User Experiences of a Digital Intervention to Support Total-Skin-Self-Examination by Melanoma Survivors; a nested qualitative evaluation embedded in a randomised trial

Felicity Reilly, Nuha Wani, Susan Hall, Heather May Morgan, Julia Allan, Lynda Constable, Maria Ntessalen, Peter Murchie

Research output: Contribution to journalArticlepeer-review

Abstract

Background:

Melanoma is a common cancer with a high survival rate, as well as a high chance of recurrence. Combined, this leads to a high burden of follow-up. Total-Skin-Self-Examination (TSSE) improves clinical outcomes of melanoma via early detection of new primaries and recurrences, and technology is an increasingly popular means of facilitating TSSE. Thus, the Achieving Self-directed Integrated Cancer Aftercare (ASICA) digital healthcare intervention was developed.

Objective:

Nested within a randomised control trial, this study used qualitative interviews to explore participants’ experiences of TSSE, their orientation toward technology and both participant and professionals’ practical and technical experiences of the ASICA intervention.

Methods:

Semi-structured telephone interviews were undertaken during the randomised controlled trial with the participants and the coordinating Dermatology Nurse Practitioner (DNP). Participants were purposively sampled to achieve a representative sample. Interviews were transcribed verbatim and analyzed using a Framework Analysis approach applied within NVivo12.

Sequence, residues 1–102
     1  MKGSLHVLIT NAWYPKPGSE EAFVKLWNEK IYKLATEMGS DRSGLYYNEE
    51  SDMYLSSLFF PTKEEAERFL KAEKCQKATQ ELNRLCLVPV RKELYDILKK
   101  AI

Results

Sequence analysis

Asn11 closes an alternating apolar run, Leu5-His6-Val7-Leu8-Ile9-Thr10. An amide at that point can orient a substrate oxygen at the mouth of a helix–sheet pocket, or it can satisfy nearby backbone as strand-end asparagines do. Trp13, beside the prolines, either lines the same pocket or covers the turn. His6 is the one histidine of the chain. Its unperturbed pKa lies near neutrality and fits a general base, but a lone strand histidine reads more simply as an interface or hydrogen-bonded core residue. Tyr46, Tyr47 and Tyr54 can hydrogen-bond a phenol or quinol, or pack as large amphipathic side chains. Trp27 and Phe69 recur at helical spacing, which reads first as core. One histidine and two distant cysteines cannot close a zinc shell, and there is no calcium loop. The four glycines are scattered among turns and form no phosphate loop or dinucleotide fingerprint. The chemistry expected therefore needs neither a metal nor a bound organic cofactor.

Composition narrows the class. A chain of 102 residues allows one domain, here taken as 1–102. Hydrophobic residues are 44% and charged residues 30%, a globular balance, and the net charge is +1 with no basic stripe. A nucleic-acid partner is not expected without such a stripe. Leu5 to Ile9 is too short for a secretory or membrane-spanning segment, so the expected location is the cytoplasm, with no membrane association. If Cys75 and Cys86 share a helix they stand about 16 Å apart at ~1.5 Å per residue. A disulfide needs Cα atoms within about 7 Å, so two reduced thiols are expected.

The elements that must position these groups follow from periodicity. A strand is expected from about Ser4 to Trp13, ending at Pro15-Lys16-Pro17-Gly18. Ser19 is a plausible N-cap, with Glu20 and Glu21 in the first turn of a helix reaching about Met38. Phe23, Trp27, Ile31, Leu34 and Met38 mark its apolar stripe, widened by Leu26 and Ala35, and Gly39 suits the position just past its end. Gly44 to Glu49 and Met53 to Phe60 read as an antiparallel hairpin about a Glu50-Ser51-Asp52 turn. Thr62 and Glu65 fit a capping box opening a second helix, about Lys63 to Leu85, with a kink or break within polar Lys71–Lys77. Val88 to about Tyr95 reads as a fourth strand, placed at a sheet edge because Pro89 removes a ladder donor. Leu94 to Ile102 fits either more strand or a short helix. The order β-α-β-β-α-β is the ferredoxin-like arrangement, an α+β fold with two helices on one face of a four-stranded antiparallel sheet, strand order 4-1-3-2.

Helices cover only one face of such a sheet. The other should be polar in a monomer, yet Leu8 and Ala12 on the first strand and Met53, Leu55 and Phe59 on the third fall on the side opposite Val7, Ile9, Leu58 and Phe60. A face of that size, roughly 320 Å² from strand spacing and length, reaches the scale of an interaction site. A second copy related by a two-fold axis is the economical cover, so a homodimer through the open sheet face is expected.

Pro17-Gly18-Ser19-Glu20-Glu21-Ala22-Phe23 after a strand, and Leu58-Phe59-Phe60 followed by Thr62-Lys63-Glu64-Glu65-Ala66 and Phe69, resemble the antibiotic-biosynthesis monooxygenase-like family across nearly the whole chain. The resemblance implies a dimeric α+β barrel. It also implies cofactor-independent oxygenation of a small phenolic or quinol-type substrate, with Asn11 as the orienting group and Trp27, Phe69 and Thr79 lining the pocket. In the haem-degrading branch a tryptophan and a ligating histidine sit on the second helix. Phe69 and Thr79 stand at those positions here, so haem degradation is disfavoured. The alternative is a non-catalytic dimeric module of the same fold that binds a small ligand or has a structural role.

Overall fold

Results:

Twenty-two interviews were completed with participants and one with the coordinating DNP. ASICA appeared to change participants’ perceptions of skin-checking: users were more likely to report routinely performing TSSE thoroughly. There was some variation in beliefs about skin-checking and using technology for healthcare generally. Overall, ASICA was experienced positively by participants and the DNP. Several clear practical suggestions were made for how ASICA can be improved.

Conclusions:

The ASICA app appears to have positively influenced the attitudes and TSSE practices of melanoma survivors. Technical improvements are required, but the app offers promise for technologically enhanced melanoma follow-up in future. Clinical Trial: Clinical Trials.gov, NCT03328247. Registered on 1 November 2017 - https://clinicaltrials.gov/ct2/show/NCT03328247?term=ASICA&rank=1
Original languageEnglish
JournalJMIR Dermatology
DOIs
Publication statusAccepted/In press - 18 Jan 2023

Keywords

  • Mobile applications
  • melanoma
  • early detection of cancer
  • qualitative interviews
  • cancer survivorship

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